Actor Ed Lauter dies at 74

Veteran character actor Ed Lauter’s long, angular face and stern bearing made him an instantly recognizable figure in scores of movies and TV shows.
His career stretched across five decades. He was 74.
Lauter’s publicist (Edward Lozzi) says the actor died Wednesday of mesothelioma, a rare form of cancer most commonly caused by asbestos exposure.

Actor Ed Lauter dies at 74

Ed Lauter.

Ed Lauter, 74, a character actor who carved out a niche in the 1970′s playing mostly heavies in movies and TV and kept up a busy schedule in recent years with appearances in Clint Eastwood’s “Trouble With the Curve” and Oscar winner “The Artist,” died Wednesday at his home in Los Angeles of mesothelioma, a form of cancer that affects tissue surrounding internal organs. Family spokesman Edward Lozzi announced his death.
“A lot of people say, ‘I know you,’ but they don’t know my name” – Lauter told The Times in 2012. “But I’ve had a great run.”
The 6-foot-2, balding actor had memorable roles in “Family Plot” – which was Alfred Hitchcock’s final film, in 1976 – along with “Born on the Fourth of July,” “Seabiscuit,” “Breakheart Pass,” “Death Wish 3,” “French Connection II” and “The Longest Yard,” both the 1974 version and the 2005 remake about a football game pitting inmates against prison guards.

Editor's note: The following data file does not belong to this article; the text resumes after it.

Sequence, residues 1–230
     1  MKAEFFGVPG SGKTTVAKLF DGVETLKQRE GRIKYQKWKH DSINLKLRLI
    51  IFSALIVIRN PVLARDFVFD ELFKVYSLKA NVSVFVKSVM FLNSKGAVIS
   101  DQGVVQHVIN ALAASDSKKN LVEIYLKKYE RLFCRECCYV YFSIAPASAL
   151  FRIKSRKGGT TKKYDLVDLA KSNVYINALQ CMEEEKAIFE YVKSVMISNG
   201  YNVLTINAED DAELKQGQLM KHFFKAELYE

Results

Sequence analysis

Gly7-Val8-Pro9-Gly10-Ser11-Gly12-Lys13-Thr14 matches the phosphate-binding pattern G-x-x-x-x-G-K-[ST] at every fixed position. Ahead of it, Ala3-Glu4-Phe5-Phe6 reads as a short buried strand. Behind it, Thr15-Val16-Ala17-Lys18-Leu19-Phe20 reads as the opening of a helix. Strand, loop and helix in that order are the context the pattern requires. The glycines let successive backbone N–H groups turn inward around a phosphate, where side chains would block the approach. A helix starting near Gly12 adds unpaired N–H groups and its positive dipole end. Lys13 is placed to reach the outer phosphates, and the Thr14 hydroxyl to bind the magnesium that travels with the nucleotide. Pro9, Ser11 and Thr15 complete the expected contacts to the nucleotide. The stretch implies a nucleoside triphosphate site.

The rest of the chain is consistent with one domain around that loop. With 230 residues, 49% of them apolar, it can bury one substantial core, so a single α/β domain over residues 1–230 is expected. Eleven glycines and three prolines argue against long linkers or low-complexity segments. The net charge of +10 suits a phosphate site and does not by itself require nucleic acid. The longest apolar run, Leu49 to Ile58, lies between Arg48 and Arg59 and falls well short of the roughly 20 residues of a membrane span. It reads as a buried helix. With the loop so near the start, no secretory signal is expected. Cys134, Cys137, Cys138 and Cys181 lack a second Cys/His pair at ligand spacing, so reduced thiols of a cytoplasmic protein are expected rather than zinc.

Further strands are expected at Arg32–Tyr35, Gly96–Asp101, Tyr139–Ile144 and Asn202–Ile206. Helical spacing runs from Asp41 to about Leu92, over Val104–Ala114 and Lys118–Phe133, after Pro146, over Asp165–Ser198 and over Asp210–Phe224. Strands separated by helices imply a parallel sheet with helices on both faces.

A native of Long Beach, N.Y., Lauter made his TV debut on a 1971 episode of Mannix and arrived on the big screen for the first time in the Western Dirty Little Billy (1972). One of those character actors whose name is unknown but is instantly recognizable, he is listed with an incredible 204 credits as an actor on IMDb.
In Alfred Hitchcock’s final film, Family Plot (1976), the balding, angular Lauter played Maloney, the dangerous, blue-collar man who knows too much about dapper jewel thief and kidnapper Arthur Adamson (William Devane). Hitchcock cast Lauter after seeing him play Captain Wilhelm Knauer, the sadistic leader of the guards who go up against Burt Reynolds’ convict football team, in the classic The Longest Yard (1974).
“Hitchcock came out of his screening room, walked back into the office and said, ‘He’s very good, isn’t he?’” Lauter recalled in a 2003 interview. “(His assistant Peggy Anderson), thinking that he meant Burt Reynolds, said, ‘Yes, he is.’ ”
“Hitchcock said: ‘What’s his name again?’ Now, Peggy’s lost; he doesn’t know who Burt Reynolds is? Then, Hitchcock said, ‘Ed something …’ and when Peggy told him, ‘Ed Lauter,’ he said: ‘Yes, we’ve got our Maloney.’ He had actually told Peggy that he wasn’t going to do the film unless he first cast Maloney, the antagonist.”

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